They almost ended up being the most expensive couple of beers ever.
In 2010, while serving as a U.S Army reservist in Afghanistan, John McDevitt took his leave in Greece. McDevitt told ABC News he ordered two beers in an Athens bar, the Palia Plaka. When he tried to leave, the bar’s staff told him that he owed them $788.
McDevitt said he paid the bill with his Visa (NYSE:V) debit card because he was in another country and feared arrest.
“I’m in Athens, Greece. I don’t want to go to jail,” McDevitt told ABC News, which was unable to contact the bar.
A few weeks later, the 52-year-old McDevitt checked his debit card account over the Internet and discovered six charges totaling $25,243.71. The charges were made on three days in November in different amounts from $2,058.66 to $6,780.66, ABC News noted.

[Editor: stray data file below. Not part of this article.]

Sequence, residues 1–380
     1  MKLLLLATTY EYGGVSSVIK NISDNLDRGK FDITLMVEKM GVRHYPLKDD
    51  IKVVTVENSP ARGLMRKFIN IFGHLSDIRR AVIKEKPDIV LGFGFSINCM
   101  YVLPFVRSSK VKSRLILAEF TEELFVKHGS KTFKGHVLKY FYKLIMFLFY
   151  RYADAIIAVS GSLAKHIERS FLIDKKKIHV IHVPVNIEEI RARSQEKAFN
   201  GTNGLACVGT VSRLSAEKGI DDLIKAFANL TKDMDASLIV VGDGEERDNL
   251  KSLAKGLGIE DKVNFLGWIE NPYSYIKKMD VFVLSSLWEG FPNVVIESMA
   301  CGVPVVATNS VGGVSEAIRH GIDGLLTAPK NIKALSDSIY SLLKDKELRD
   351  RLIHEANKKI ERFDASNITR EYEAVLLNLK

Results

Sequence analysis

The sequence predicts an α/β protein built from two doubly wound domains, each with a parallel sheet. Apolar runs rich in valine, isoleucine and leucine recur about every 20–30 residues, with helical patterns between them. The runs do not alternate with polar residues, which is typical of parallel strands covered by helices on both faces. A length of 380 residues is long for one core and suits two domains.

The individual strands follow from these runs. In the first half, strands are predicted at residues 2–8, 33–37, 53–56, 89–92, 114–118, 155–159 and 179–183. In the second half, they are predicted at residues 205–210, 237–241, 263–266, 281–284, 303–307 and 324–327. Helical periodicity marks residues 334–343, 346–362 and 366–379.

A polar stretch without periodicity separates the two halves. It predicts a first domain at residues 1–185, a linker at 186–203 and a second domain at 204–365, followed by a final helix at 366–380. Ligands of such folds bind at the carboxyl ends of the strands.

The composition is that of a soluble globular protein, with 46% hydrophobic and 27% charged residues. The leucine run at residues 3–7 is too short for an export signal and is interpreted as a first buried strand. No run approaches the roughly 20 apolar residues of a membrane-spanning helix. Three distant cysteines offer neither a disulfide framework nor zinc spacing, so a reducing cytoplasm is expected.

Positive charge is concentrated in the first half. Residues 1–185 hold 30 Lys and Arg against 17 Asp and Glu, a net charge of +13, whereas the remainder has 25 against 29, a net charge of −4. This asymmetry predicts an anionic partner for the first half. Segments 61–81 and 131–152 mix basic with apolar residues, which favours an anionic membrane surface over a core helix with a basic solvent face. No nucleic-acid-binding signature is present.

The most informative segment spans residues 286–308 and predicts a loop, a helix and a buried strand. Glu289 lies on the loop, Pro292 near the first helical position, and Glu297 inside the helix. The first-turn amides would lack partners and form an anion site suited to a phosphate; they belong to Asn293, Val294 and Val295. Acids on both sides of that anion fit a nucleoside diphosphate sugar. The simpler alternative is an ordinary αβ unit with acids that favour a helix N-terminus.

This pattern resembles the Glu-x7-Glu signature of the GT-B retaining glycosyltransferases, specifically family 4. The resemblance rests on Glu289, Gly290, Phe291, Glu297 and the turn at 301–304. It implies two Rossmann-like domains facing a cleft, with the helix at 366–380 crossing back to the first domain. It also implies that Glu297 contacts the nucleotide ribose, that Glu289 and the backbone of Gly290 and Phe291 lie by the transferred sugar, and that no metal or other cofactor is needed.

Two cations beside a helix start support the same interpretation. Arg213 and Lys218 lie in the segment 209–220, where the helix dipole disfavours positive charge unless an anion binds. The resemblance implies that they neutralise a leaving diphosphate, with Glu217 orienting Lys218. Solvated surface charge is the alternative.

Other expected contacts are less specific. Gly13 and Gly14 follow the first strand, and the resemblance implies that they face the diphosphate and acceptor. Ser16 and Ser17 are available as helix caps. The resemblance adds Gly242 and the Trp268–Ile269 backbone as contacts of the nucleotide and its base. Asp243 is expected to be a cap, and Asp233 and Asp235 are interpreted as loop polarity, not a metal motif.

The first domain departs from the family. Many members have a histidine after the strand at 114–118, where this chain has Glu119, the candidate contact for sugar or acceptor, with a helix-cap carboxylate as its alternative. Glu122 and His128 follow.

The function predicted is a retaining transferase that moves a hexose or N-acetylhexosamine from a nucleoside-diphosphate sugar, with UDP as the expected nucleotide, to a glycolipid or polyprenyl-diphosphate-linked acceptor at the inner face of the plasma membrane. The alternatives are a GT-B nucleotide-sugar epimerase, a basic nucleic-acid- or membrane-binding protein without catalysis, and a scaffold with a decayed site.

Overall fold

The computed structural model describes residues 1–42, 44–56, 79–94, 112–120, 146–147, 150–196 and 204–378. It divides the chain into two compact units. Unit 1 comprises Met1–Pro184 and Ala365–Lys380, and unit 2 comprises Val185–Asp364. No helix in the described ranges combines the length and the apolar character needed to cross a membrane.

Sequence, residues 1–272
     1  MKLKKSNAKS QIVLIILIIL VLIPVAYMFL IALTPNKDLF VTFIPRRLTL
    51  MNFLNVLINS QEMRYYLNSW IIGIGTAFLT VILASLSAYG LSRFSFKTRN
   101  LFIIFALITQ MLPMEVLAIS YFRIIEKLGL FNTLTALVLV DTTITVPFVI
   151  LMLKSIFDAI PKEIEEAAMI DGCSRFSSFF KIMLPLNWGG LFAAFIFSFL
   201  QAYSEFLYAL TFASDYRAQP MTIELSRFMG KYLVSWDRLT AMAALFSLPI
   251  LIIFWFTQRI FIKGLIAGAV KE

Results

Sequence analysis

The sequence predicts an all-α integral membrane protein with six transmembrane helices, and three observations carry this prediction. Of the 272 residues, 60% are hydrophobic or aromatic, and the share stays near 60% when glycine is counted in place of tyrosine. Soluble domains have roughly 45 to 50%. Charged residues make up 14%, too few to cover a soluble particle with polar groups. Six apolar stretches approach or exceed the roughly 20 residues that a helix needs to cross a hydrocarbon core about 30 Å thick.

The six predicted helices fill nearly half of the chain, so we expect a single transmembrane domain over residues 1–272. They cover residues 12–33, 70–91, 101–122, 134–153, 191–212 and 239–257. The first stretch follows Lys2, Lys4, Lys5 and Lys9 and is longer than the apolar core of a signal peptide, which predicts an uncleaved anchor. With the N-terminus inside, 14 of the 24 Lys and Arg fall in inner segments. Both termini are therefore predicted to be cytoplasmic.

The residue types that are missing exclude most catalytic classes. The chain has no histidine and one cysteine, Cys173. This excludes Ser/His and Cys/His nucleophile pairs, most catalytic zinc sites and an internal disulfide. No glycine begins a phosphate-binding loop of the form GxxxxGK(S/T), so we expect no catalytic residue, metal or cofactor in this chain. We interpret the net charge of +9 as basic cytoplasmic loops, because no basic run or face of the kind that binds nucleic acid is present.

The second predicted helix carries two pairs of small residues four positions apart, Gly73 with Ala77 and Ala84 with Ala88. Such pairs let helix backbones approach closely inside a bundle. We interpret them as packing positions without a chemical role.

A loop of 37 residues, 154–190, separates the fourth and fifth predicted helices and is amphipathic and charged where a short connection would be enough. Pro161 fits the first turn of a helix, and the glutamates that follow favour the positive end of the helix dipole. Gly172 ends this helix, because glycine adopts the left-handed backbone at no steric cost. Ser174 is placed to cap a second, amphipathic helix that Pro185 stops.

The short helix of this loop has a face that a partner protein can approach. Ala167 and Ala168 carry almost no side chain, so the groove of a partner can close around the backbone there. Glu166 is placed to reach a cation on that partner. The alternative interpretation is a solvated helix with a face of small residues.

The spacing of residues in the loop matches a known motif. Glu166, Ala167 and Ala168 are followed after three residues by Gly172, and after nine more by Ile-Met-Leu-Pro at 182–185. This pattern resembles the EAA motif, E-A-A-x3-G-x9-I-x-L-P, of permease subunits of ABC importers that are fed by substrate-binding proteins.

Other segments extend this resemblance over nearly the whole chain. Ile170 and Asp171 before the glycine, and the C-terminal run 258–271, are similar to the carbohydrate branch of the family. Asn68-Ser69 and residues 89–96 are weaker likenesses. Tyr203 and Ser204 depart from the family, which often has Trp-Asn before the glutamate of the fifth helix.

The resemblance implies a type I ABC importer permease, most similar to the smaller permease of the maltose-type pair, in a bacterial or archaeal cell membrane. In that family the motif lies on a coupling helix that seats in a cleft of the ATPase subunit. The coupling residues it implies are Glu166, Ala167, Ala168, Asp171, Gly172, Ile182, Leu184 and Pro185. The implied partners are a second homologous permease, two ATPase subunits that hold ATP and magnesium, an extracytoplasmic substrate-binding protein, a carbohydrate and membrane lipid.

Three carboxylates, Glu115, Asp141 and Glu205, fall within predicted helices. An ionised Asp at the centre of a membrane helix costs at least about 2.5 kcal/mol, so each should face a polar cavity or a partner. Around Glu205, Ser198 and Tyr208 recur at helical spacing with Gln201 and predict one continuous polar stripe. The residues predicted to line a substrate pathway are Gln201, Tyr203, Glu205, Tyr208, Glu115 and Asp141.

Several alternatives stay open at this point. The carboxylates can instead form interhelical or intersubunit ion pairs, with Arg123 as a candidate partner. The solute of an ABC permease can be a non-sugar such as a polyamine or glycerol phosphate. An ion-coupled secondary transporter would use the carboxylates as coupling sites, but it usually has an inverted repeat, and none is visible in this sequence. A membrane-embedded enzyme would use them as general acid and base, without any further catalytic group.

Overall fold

McDevitt said he immediately contacted Bank of America, which initially credited his account for the charges. However, the bank then reversed itself, informing McDevitt that it had confirmed the charges with the merchants involved. According to ABC News, Bank of America said it had obtained “signed sales drafts from the merchant reflecting your signature and card imprint.”
McDevitt disputed this, claiming the signature on the receipts wasn’t his. Frustrated by the bank’s decision, McDevitt launched a protest outside a Bank of America branch.
Bank of America and Visa originally declined to comment on McDevitt’s case. However, when McDevitt’s story began to circulate in the press last week, Bank of America suddenly experienced a change of heart. The Consumerist reported that, last week, the bank reached out to McDevitt and informed him that it would reverse the charges after all.